The Role of Memory Formation in Anxiety

Making memories is crucial for our learning and survival. Our memories are what make us who we are. They shape our personality. Emotional or stressful memories are better remembered than neutral experiences. Traumatic, emotional, and stressful experiences are linked to psychological disorders like anxiety, depression, and PTSD. According to an article published by the National Institutes of Health, a large number of studies have observed that increasing levels of stress is necessary for the formation of long-lasting memories that are stronger and more persistent than normal, neutral memories [2]. The question is, why is this the case? Why do stressful memories lead to stronger connections and how does that lead to psychological disorders? Responses to stressful events produce changes in the brain at the cellular level, leading to measurable changes in brain structure. These changes involve epigenetics, gene transcription, and signaling pathways.

Animal Models

One of the most common tests to measure memory consolidation is the forced swim test in which a mouse will be placed in a tub of water and the amount of time it takes for the mouse to move into an immobile, floating position is measured. What should happen is that when the mouse is reintroduced to the tub it spends less time struggling before moving into a floating position because it remembers that after a certain amount of time, it will be removed from the water.

Researchers observed that glucocorticoids are important for the strengthening of memories regarding a stressful situation. Interestingly, glucocorticoid receptor antagonists administered to only the dentate gyrus in mice produced a delay in the immobility response during the forced swim test.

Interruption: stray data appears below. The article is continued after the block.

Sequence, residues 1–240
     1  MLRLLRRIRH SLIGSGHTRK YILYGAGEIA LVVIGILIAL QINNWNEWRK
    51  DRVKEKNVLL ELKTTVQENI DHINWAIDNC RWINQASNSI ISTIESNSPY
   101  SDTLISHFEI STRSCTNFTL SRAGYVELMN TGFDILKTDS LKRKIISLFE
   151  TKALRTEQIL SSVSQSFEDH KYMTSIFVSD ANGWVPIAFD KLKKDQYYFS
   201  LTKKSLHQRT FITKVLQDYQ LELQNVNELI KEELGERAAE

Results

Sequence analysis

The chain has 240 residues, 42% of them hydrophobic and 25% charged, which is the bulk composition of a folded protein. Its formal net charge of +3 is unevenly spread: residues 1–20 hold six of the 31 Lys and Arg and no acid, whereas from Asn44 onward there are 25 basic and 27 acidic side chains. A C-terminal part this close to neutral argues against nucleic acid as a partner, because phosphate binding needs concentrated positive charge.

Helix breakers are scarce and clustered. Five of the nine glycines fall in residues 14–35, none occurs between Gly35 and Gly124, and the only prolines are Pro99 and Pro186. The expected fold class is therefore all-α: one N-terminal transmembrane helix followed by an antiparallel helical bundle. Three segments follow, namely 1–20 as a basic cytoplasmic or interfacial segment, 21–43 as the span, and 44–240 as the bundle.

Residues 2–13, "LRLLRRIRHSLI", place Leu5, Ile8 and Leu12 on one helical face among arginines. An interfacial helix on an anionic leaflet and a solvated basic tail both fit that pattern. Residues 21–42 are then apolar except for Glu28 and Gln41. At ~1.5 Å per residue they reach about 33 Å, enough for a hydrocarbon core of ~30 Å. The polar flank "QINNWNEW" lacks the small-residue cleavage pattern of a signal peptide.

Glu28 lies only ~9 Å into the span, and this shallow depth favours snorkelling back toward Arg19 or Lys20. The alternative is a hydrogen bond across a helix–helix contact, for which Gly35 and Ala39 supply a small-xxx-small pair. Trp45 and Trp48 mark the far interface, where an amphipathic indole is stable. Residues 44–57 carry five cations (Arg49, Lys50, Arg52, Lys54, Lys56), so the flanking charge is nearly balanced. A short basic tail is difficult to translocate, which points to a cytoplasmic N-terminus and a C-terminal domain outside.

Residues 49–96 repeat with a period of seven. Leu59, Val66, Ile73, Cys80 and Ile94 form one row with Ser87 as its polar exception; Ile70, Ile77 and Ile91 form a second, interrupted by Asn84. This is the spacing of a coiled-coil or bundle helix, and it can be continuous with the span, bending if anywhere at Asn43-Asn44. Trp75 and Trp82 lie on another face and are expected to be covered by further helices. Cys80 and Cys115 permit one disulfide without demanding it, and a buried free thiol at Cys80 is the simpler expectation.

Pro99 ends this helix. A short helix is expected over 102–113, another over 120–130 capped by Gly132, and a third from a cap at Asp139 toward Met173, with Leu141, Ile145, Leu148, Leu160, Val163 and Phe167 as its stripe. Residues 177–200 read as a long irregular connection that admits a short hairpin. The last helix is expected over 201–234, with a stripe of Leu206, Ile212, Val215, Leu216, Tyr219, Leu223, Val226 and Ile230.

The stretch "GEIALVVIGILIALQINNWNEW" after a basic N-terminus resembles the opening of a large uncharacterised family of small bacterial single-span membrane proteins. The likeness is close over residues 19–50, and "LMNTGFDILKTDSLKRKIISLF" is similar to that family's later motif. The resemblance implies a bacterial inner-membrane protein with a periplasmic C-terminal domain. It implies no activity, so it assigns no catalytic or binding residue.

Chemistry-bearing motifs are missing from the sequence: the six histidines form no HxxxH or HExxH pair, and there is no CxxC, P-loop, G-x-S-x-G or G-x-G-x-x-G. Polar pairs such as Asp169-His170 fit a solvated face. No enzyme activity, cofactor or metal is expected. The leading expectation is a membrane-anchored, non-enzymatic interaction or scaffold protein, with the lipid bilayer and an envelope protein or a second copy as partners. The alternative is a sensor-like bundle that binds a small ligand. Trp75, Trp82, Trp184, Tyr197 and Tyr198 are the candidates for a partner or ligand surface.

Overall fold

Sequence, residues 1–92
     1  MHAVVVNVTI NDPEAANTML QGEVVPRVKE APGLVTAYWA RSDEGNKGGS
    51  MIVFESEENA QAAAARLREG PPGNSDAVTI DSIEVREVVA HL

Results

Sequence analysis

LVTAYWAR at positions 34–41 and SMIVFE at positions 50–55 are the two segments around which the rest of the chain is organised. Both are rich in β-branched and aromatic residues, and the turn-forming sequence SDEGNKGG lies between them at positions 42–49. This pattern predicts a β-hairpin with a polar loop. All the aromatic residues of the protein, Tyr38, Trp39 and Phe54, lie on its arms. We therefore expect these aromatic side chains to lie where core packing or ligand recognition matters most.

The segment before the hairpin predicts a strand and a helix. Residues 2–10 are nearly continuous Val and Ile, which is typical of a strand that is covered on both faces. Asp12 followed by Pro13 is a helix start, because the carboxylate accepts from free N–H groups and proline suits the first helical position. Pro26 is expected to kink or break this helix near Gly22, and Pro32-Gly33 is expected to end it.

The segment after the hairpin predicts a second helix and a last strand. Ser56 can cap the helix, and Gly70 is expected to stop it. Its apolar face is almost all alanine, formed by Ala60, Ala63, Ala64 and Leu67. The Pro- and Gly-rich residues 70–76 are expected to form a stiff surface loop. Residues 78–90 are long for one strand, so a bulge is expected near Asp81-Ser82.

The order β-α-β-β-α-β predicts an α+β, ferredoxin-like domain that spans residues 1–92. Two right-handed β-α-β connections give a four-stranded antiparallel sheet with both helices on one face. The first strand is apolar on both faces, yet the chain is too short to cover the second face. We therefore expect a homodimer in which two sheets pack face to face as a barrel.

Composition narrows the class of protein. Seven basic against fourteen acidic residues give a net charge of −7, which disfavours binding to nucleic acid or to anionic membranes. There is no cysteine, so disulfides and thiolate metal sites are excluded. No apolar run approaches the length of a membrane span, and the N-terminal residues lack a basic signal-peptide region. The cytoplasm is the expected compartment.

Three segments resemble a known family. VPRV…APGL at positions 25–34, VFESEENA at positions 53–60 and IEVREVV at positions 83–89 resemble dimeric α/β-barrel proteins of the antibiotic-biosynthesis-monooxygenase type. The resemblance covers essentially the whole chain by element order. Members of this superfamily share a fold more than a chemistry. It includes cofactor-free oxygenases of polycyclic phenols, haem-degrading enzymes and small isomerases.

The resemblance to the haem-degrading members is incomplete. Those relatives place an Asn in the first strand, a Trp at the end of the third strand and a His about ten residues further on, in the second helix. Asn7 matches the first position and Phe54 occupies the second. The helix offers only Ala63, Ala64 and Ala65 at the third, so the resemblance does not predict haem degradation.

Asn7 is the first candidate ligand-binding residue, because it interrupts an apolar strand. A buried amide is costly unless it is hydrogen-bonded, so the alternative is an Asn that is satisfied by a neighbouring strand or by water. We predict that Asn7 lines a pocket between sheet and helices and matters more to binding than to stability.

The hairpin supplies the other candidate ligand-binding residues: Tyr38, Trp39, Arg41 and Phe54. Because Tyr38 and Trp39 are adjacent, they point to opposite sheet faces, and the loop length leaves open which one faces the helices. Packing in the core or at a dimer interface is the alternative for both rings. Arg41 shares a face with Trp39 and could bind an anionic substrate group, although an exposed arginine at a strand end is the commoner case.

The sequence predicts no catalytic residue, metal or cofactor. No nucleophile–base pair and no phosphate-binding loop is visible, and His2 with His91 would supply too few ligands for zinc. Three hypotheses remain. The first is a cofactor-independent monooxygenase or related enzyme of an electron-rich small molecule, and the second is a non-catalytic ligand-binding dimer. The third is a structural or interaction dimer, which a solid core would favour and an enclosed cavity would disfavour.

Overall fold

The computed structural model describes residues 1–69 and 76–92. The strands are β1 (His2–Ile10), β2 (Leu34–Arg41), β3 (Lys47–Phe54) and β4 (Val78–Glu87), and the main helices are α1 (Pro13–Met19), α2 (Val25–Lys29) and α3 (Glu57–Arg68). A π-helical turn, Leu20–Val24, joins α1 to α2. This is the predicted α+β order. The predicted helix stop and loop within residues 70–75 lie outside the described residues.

This research also prompted the finding of a dual histone mark in granule neurons in the dentate gyrus. This modification happened after experiencing a stressful or traumatic event. The glucocorticoid receptor antagonist also seemed to inhibit the increase of the dual histone mark in the DG neurons after the forced swim test.

The NMDA receptor mediated ERK-MAPK pathway is involved in learning and memory processes. Studies showed that a MEK inhibitor activated the increase of the histone mark, indicating that this pathway was somehow involved. Figure 1 shows a detailed pathway of how the histone mark leads to the upregulated transcription of immediate early genes like c-Fos and Egr-1.

To put it all together we can look at the image above. Stressful, or traumatic events initiate the activation of glucocorticoid receptors and the NMDAR-ERK-MAPK pathway. The activation of the specific molecule ERK1/2 and along with the glucocorticoid receptors activates nuclear kinases that are responsible for the dual histone mark. The formation of this histone mark allows chromatin to decondense and allow the transcription of the immediate early genes. These genes are needed for the consolidation of memory formation and when their expression is upregulated, the memory formation can happen too excessively [1].

Risk Factors and Treatment Options

This phenomenon is only observed in some people who experience a traumatic event or prolonged stress or abuse. Researchers believe that more anxious people are more likely to develop a stress related disorder due to the formation of stronger memories of stressful events. It is unclear why this is the case.

There have been pharmacological approaches studied to utilize the effects of GABAergic drugs since GABA plays a role in modulating anxiety. These drugs resulted in the blockage of the dual histone mark and may be a possible treatment option for anxiety or related disorders in the future. Long term exercise was also found to reduce feelings of anxiety. In some countries, exercise is even prescribed along with traditional pharmacological treatments.



  1. Dong, Y., Taylor, J. R., Wolf, M. E., & Shaham, Y. (2017). Circuit and Synaptic Plasticity Mechanisms of Drug Relapse. The Journal of Neuroscience, 37(45), 10867–10876.
  2. Reul, J. M. H. M. (2014). Making Memories of Stressful Events: A Journey Along Epigenetic, Gene Transcription, and Signaling Pathways. Frontiers in Psychiatry, 5.

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